Squirrel Corn is easily confused with Dutchman’s Breeches (Dicentra cucullaria), but the shape of the flowers is an infallible marker. These are shaped like the common Bleeding-Hearts of our gardens; they lack the pointed lobes that make Dutchman’s Breeches look like a pair of pantaloons hung out to dry. These were blooming in Fox Chapel near the Trillium Trail at the beginning of May.
Gray describes the genus and the species:
DICÉNTRA Berah. Petals slightly cohering into a heart-shaped or 2-spurred corolla, either deciduous or withering-persistent. Stigma 2-crested and sometimes 2-horned. Filaments slightly united into two sets. Pod 10-20-seeded. Seeds crested. — Low stemless perennials (as to our wild species) with ternately compound and dissected leaves, and racemose nodding flowers. Pedicels 2-bracted. (Name from dis, twice, and kentron, a spur; — accidentally printed Diclytra in the first instance, which by an erroneous conjecture was changed afterwards into Dielytra.) Bikukulla Adams. Bicuculla Millsp.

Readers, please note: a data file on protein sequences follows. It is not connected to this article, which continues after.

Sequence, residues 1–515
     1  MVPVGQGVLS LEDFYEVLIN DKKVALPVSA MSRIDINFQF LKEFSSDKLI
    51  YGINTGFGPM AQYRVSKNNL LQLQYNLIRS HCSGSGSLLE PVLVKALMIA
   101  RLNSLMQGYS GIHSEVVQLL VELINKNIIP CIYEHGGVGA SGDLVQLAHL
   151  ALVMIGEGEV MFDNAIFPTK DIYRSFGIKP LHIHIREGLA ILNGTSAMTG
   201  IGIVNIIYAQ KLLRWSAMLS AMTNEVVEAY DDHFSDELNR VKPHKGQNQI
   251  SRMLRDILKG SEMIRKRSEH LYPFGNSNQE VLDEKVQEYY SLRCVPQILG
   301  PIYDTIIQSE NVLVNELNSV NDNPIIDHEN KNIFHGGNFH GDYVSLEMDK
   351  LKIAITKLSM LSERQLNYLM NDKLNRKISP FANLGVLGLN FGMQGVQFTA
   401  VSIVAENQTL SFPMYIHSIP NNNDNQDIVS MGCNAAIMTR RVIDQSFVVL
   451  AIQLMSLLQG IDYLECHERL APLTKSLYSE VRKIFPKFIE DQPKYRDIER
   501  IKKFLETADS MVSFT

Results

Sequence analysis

Raceme simple, few-flowered.
D. canadensis (Goldie) Walp. (SQUIRREL CORN.) Subterranean shoots bearing scattered grain-tike tubers (resembling peas or grains of Indian corn, yellow); leaves as in no. 1 [Dutchman’s Breeches, D. cucullaria]; corolla merely heart-shaped, the spurs very short and rounded; crest of the inner petals conspicuous, projecting. (Bicuculla Millsp.) — Rich woods, N. S. to Ont. and Minn., s. to Va., Ky., and Mo. Apr., May. — Flowers greenish white tinged with rose, with the fragrance of hyacinths.